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Commentary: Viewers had good reason to go gaga for VMAs

Courtesy of MTV

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An MTV-record 12.4 million viewers tuned in to the Video Music Awards Sunday night, according to Nielsen Co. data. But should that be any surprise?

The answer, in a word, is no.

MTV corrals all the biggest names in music for one huge night of pop music spectacle at the twilight of every summer. The 2011 edition was no different, featuring performances from superstars Lady Gaga, Beyoncé, The Throne (Jay-Z and Kanye West), Chris Brown and a tribute to Britney Spears.

A popular phrase I’ve been seeing floating around the Internet in reaction to the ratings is, “You can’t account for taste.” Yes, a lot of folks look down their noses at the VMAs, but those people need to realize that the VMAs aren’t designed to celebrate the Radioheads of the world. They’re designed to celebrate the power of pop music.

Pop is divisive … we know that. You either love it or hate it. But this year’s VMAs was pop on its biggest scale, and with so many of the genre’s biggest players in attendance, it’s no surprise that the show shattered ratings records.

We first found out in the pre-show that Beyoncé was pregnant … and Twitter nearly went down in flames in reaction. But hey, from a journalistic standpoint, if MTV can get that scoop over TMZ, more power to ‘em.

Possibly the best moment of the night was Bey’s, when after she performed “Love on Top,” she threw down her mic, took off her jacket and proudly rubbed her new baby bump. Cut to hubby Jay-Z and Kanye West celebrating like they just won the lottery and you get a seminal, sentimental moment that will likely be played out in all of the 2012 VMA promos next year.

Oh, and Lady Gaga was there.

I liked Lady Gaga’s – err, Jo Calderone’s – opening number.  Under the guise of her male alter ego, Gaga performed her latest single, “You and I,” with Queen’s Brian May on guitar … strangely enough.

As I said, I liked Gaga at that point, but then it started to get cumbersome. She played out the Jo Calderone guise much too far, and when it came time to present Britney Spears her honorary award, she stole the limelight with her (his?) awkward sexual advances.

That’s not to say I’m not a fan of Gaga’s, as I certainly appreciate her starpower. Her voice is incredible (if you don’t believe me, listen to her sing without a raging club track blasting as accompaniment to her vocals) and almost all of her tunes are catchy and fun radio fare. But come on, Gaga … we get it. We know you dress funny, and, most importantly, we know what your message is. No need to shove it down our throats for the duration of the show.

More simply, Britney Spears changed my life as a pre-pubescent fifth-grade boy. You don’t steal the spotlight during a tribute to her.

Chris Brown performed something, too. I can’t remember what song it was, because as he was flying around in the air doing acrobatics, I kept mentally preparing myself for the fact that he was going to culminate his act by landing in the crowd and punching someone in the face in one fell swoop.

Watching Kanye and Jay perform “Otis” from “Watch the Throne” was a treat – you can tell they’re genuinely having fun performing together. It was fun to watch, so much so that one guy in the audience felt the need to run on stage and join them. Sorry buddy, but you don’t interrupt The Throne.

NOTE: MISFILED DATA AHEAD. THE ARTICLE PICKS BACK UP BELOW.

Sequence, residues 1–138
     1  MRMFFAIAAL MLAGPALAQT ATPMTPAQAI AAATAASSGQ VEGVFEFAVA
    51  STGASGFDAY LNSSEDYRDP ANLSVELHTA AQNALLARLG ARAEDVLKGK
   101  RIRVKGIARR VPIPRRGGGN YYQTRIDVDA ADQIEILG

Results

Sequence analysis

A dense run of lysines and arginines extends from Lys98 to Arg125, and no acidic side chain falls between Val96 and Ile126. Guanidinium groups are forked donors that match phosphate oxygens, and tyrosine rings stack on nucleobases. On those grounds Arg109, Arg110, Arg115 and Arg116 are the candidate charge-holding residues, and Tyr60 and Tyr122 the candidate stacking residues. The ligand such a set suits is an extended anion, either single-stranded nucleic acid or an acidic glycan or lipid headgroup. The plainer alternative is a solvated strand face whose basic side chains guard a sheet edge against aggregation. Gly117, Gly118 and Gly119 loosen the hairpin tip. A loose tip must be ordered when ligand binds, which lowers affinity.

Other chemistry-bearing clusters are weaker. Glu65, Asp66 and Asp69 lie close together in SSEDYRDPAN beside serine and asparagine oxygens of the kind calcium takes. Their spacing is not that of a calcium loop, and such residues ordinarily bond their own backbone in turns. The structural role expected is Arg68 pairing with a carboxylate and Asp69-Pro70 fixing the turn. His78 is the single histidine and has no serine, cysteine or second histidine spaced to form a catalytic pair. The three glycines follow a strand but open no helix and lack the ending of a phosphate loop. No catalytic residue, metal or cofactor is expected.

And then there’s Lil Wayne. Goodness gracious. MTV hyped up Wayne’s performance on the show like none other, with Wayne even going so far as to officially release his new album, “Tha Carter IV,” at midnight after the show had concluded. Probably wasn’t the best idea to lead in to the sale of your album as his performance was absolutely dreadful.

Performing two songs from the new album, Weezy really tanked on the second, called, quite simply, “John.” In actuality, it was a good move to perform that track, as the one-word title of the track might have been the only word muttered in the performance that wasn’t censored. And not only were the lyrics almost entirely indecipherable, but to make matters worse, Weezy stripped off his shirt to reveal a pair of cheetah-print jeggings. My worst nightmares had been realized.

All that aside, Adele performed. Thank you, Adele.

However, the awards themselves – and this is nothing new – were questionable at best.

Katy Perry won Video of the Year for “Firework.” All right … whatever. It was a pretty good pop video with a semblance of a message. But does it really make sense that she lost the Best Female Category to Gaga’s “Born This Way,” a video that didn’t even get a nod for Video of the Year?

In what freaking world is Justin Bieber’s “U Smile” video worthy of Best Male Video? The category was stacked, with Cee-Lo’s awesome “F— You,” Eminem’s terrifying “Love the Way You Lie” and Kanye’s epilepsy-inducing “All of the Lights” videos competing in the same category. Choosing Bieber over those easily superior vids is nothing short of laughable.

And isn’t it laughable that there’s a category called Best Pop Video? I implore somebody out there to find more than two or three VMA nominees (outside of the Best New Artist category) who can’t be considered “pop.” Cage the Elephant, maybe? The Black Keys?

Assessing logic to VMA results is a hopeless affair, I know. But if you’re celebrating pop, celebrate good pop. Celebrate “All of the Lights,” not “U Smile.” Celebrate “Born This Way,” not “Firework.”

More importantly, celebrate the fact that if you missed the VMAs, MTV will show the reruns 8 trillion times in the coming days.

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